“Bad Teachers,” How Does the Union Vigorously Defend Teachers and Acknowledge and Support a Law That Will Fire Teachers?

I understand that in the 09-10 school year twenty-four tenured teachers in New York City were brought up on charges of incompetence. There are about 70,000 teachers in the city – three thousandths of one percent of teachers were accused of being incompetent by the employer!

The union will argue, with merit, that about half of all teachers leave voluntarily and thousands of teachers change schools, perhaps a better fit.

Surely there are more than two dozen incompetent teachers, why are so few brought up on charges?

Reluctant principals? Inept lawyers? Some Bloomberg inspired political agenda? All of the above.

Chancellor Walcott announced that 2% of teachers received an unsatisfactory rating in the 10-11 school year, actually closer to 3%, and 37% of third year teachers had their probation extended.

The new teacher evaluation law that awaits the Governor’s signature ironically is supported by the Governor, the State Commissioner of Education, a majority of the Board of Regents (Regents Cashin, Tilles and Rosa voted against) and the heads of the teacher unions and opposed by school districts, principals and many teachers. The law is deeply unpopular “in the field.”

The UFT supports the latest iteration of the law because for the first time teachers in New York City who receive a U-rating will have a review procedure by an outside entity (called validators). The pro-forma hearing before a Department employee will be replaced by a due process procedure. It is a major win for teachers in New York City.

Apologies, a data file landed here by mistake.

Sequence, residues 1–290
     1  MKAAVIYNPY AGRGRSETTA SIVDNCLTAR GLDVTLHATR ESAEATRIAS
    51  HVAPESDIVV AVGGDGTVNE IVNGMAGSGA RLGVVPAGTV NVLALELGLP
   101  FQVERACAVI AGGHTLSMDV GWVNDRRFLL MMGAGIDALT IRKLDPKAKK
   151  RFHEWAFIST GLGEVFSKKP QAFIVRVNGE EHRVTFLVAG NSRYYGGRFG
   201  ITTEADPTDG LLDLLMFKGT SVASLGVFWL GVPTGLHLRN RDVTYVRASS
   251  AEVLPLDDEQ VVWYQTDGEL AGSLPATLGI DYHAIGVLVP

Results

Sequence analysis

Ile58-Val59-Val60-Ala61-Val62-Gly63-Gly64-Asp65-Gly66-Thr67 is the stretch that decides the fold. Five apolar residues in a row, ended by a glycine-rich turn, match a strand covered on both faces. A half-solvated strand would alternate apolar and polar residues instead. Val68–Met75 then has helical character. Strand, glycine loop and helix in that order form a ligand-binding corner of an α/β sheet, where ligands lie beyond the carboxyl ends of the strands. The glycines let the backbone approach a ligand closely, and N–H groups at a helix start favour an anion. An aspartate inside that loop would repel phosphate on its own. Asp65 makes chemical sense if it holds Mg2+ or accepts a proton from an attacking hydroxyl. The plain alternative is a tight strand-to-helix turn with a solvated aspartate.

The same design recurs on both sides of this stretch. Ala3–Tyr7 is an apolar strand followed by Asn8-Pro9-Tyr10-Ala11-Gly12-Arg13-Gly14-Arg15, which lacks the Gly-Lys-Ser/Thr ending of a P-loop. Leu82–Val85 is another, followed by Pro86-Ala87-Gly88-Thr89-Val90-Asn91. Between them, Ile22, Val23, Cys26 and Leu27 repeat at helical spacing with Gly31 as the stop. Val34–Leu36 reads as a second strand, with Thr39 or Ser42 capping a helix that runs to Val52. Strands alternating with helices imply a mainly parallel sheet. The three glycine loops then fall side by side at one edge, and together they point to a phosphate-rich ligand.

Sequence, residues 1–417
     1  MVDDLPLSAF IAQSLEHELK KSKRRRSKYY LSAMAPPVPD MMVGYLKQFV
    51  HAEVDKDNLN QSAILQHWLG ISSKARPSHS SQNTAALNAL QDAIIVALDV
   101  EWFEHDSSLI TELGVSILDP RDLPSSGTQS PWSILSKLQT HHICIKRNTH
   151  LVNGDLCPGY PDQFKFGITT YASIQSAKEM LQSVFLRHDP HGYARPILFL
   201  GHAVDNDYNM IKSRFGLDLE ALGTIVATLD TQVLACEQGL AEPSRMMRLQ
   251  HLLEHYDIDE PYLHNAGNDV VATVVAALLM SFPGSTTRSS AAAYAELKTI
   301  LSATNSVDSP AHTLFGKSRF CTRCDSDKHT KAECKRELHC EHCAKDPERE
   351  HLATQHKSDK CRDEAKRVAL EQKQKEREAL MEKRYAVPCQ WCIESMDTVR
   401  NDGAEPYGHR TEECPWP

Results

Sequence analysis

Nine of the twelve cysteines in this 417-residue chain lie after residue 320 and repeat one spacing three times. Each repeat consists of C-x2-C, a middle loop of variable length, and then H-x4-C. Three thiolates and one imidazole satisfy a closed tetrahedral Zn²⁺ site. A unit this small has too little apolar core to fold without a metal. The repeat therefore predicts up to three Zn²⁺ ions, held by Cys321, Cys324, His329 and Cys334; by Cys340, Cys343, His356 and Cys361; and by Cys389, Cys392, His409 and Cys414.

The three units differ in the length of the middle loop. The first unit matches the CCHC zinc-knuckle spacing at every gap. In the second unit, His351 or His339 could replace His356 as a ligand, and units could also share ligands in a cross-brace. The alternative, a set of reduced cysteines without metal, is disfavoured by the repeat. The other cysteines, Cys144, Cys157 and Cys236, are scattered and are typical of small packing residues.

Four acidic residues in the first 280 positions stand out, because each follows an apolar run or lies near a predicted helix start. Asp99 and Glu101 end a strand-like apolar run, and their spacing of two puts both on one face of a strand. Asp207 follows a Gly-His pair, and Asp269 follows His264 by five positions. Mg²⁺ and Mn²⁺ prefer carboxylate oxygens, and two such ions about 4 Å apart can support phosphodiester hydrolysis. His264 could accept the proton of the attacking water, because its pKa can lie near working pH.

In June of 2015 when the law will probably be fully implemented some teachers will receive their second consecutive “ineffective” rating and the employer will prefer charges under the law. The burden of proof under the new system switches from the employer to the employee. (Detailed explanation of the law here)

If one percent of teachers are found to be “ineffective” under the new system in New York City – that’s 700 teachers.

Unions under provisions of State law have a duty of fair representation. While the union is not required to represent all members the standard is high.

A union may exercise its discretion to determine how far to pursue a grievance in the employee’s behalf as long as it does not arbitrarily ignore a meritorious grievance or process a grievance in a perfunctory fashion. A union is also not required to process an employee’s grievance if the chances for success are minimal